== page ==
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Capturing HQ to an external drive

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  • cdrov
    replied
    Has anybody tried the new WD mybook world editin with Gbit ethernet? Theretically, correct me if i am mistaken, 1000Mbit/8 = 125MB/sec. Any experience?

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  • GrassValley_BH
    replied
    Originally posted by Jacques Ménard View Post
    I have three LaCie external drives hooked to one PCI slot interface card on a Dell workstation. I soemtimes get "Drive nor fast enough" when capturing HQ. Is there a better configuration for these drives? When I'm capturing, should i turn a couple of them off?

    The problem onoy occurs during capture.

    Jacques
    What kind of bus are the drives on? FireWire is a repeater technology. USB is hub-ed.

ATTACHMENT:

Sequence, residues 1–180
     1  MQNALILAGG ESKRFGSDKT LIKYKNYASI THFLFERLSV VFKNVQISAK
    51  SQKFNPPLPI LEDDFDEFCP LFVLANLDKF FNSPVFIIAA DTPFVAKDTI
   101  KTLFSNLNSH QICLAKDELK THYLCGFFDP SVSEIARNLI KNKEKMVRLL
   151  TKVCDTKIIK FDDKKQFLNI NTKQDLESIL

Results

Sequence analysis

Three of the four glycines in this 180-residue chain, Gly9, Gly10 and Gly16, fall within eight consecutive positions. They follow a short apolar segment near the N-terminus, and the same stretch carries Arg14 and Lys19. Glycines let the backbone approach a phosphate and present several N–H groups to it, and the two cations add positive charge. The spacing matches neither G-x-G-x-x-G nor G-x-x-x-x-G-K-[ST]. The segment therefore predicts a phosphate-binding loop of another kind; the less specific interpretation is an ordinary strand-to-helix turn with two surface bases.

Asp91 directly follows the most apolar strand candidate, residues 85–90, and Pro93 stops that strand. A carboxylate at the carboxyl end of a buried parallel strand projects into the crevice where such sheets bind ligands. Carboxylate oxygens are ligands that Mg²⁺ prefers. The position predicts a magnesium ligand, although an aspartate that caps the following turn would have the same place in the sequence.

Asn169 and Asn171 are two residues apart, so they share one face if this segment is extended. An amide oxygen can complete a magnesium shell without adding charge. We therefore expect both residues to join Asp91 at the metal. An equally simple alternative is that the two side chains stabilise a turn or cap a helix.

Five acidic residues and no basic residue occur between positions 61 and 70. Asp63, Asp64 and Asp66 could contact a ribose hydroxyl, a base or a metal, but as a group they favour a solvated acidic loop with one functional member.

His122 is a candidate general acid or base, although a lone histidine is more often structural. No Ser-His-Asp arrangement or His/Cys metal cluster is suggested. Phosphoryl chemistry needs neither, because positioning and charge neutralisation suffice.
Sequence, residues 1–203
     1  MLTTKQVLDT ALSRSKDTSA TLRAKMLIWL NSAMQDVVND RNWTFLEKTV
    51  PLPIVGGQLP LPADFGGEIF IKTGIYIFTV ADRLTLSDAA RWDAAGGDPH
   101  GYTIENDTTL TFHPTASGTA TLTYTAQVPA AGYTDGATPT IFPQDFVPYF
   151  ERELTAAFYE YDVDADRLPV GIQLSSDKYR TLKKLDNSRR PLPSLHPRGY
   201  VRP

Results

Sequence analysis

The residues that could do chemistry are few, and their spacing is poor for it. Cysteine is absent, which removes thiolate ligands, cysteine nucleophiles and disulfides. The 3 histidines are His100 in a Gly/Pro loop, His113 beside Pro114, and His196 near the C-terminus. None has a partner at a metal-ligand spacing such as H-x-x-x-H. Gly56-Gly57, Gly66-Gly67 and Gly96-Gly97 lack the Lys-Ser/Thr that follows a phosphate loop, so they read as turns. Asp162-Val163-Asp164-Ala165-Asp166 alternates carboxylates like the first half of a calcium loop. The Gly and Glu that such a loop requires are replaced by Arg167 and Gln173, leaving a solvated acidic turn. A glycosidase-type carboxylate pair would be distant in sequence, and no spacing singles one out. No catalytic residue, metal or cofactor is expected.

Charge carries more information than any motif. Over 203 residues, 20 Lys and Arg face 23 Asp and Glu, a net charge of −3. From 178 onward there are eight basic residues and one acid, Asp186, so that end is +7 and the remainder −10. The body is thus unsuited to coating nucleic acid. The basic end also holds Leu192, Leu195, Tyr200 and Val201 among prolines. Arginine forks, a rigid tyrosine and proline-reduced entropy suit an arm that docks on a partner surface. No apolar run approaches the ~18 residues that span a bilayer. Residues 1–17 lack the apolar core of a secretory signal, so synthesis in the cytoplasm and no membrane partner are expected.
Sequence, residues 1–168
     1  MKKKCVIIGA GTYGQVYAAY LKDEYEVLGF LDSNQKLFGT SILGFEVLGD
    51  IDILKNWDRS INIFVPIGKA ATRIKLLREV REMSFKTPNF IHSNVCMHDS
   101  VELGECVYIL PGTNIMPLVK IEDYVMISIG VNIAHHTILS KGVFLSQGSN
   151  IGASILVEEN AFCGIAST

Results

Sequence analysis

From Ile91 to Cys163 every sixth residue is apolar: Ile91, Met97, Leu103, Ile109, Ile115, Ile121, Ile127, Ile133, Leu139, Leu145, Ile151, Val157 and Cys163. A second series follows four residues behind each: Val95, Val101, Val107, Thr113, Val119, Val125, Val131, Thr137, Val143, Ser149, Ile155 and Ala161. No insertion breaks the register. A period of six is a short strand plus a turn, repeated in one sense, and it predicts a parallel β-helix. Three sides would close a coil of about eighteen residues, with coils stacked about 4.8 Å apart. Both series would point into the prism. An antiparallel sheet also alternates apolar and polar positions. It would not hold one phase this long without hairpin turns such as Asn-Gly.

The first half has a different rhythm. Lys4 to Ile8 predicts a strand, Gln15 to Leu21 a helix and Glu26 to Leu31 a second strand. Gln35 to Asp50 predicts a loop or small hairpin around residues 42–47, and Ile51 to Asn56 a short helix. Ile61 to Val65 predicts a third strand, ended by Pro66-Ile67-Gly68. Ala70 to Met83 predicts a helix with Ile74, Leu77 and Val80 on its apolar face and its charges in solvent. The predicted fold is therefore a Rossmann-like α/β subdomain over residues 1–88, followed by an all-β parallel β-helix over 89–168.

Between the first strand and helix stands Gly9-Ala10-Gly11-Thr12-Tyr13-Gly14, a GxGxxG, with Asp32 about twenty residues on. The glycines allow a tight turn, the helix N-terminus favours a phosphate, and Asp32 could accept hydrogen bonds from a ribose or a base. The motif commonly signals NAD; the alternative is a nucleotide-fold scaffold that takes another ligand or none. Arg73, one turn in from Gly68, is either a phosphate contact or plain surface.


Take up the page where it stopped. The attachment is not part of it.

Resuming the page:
Does it perform better with fewer drives connected?

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  • Jacques Ménard
    replied
    Firewire 800 and bandwidth

    Originally posted by GrassValley_BH View Post
    Your units are a bit off here...

    It's a different story if you have multiple drives connected to the same bus as they will all have to share bandwidth, but the same is also true for FireWire and SCSI.
    I have three LaCie external drives hooked to one PCI slot interface card on a Dell workstation. I soemtimes get "Drive nor fast enough" when capturing HQ. Is there a better configuration for these drives? When I'm capturing, should i turn a couple of them off?

    The problem onoy occurs during capture.

    Jacques

    Leave a comment:


  • GrassValley_BH
    replied
    Originally posted by kwshaw1 View Post
    What indication do you have that it's as high as 120-160 Mbps?
    Because I have a 203 MB clip that's 13 seconds long... which comes out to being about 123 Mbps, and this clip is pre-alpha support. :)

    That said, it's both resolution, framerate and content-dependent. Since it's a variable bitrate, it'll go up and down.

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  • kwshaw1
    replied
    Originally posted by GrassValley_BH View Post